And how many of you love those sappy romantic love songs? When I was in Assunta circa 1982/1983 the girls would go wild when the school band played Endless Love by Lionel Richie and Diana Ross while I was trying very hard not to throw up. Songs like When I Need You (Leo Sayer), If You're Not The One (Daniel Beddingfield) and The Power of Love (Jennifer Rush) are the sort of songs that I simply cannot tahan. Back then, I was into heavy metal (yeah!) with the likes of Kiss, AC/DC, Judas Priest and Van Halen.



My mum was very strict when I was growing up but she was quite liberal when it came to the music I listened to. It was fine with her if I saved my pocket money to buy Iron Maiden's latest cassette (back then there is no CD). Come to think of it, my mum is very sporting. One time I asked her to pick up Van Halen's latest cassette from the now defunct Kimisawa. The shop assistant told her point blank "Auntie, that one is rock you know!"



Well, that was a bit of story from Auntie Phong Hong's teenage years. And I still don't like sappy romantic songs. The closest thing to a love song that I will listen to is Joan Jett and the Blackhearts' I Hate Myself for Loving You. And I used to fantasize about becoming a rock star playing bass guitar on stage.


Before I left school after the SPM exams, we were required to fill up a form and one of the questions is "What if your ambition?". We were given three options and to the amusement of my classmate Carina, I listed 1. Rock Star, 2. Accountant and 3. Doctor. Well, at least I achieved option number two. Way to go, Phong Hong!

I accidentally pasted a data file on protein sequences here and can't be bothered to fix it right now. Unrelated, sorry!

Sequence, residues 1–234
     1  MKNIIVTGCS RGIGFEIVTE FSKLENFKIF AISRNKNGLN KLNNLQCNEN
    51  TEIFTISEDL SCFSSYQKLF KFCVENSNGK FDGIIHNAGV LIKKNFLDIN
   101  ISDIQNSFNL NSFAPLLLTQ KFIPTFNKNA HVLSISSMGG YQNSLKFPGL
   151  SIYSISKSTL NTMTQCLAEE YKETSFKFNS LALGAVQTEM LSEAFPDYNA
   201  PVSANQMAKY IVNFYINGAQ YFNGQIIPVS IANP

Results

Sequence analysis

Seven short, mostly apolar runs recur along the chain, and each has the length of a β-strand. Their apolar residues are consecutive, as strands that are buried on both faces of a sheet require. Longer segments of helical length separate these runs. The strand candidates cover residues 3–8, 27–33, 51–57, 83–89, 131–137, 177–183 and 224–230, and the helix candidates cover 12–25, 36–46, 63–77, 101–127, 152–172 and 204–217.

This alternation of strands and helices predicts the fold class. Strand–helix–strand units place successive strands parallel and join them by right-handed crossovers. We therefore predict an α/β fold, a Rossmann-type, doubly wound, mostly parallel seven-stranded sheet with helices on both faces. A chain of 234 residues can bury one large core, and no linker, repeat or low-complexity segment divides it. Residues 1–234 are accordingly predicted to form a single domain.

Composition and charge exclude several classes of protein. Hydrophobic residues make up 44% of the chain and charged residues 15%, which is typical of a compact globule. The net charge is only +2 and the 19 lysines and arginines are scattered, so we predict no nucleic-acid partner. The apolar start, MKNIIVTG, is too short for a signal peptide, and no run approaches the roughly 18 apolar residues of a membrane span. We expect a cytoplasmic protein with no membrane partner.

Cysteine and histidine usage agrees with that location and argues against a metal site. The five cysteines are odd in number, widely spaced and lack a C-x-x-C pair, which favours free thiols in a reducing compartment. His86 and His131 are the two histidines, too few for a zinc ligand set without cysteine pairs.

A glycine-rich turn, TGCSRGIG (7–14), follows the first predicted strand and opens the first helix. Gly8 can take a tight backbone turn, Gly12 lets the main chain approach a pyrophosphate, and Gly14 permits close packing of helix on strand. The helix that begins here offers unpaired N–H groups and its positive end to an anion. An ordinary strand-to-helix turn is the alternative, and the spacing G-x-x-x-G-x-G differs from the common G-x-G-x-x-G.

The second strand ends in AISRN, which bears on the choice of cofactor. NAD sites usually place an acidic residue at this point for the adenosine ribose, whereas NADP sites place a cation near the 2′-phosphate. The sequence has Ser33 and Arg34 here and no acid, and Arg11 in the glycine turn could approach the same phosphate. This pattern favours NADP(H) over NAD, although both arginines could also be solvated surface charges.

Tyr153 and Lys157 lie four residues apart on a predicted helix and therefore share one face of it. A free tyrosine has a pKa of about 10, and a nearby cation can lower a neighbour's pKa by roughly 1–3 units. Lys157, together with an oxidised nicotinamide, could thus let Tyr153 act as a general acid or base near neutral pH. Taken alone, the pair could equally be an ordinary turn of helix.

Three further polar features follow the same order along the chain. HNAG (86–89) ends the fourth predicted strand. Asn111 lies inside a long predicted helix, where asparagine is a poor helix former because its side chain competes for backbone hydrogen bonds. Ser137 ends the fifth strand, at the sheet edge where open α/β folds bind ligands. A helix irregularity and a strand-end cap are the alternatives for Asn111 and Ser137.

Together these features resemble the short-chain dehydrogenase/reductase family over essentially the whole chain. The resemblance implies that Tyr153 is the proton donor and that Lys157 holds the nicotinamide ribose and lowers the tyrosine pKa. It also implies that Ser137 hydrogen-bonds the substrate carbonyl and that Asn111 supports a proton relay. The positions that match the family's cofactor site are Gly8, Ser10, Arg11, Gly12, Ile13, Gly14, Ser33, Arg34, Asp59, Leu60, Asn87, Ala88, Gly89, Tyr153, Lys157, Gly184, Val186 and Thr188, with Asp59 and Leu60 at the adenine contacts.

Cranberry Oat Cookies
Recipe source : Adapted from Amy Beh

Ingredients :
- 250g butter
- 120g castor sugar
- 1 egg
- 2 teaspoons vanilla essence
- 300g self raising flour
- 120g rolled oats
- 120g dried cranberries

Method :
- Cream butter and sugar until light and fluffy.
- Add egg and vanilla essence and mix well.
- Add oats and cranberries and mix well.
- Fold in flour and mix until mixture becomes a dough.
- Pinch a small amount of dough and roll into a small ball.
- Place on a lined baking tray, spacing the cookie dough about 1 inch apart.
- Bake in preheated oven at 160C for 15-16 minutes for a softer chewy cookie or 18 minutes for a crunchy cookie (you need to adjust oven temperature and timing according to your oven)



I am submitting this post to Chinese New Year Delights 2013 hosted by Sonia aka Nasi Lemak Lover

Friday, 15 February 2013

Pineapple Fried Rice


Pineapple Fried Rice came to mind when I thought about what other dishes I could come up with for this month's theme on Little Thumbs Up. I have always wanted to try the Pineapple Fried Rice at the Thai restaurants, you know the one they serve in a pineapple boat. Somehow, till today I never got a chance to do that.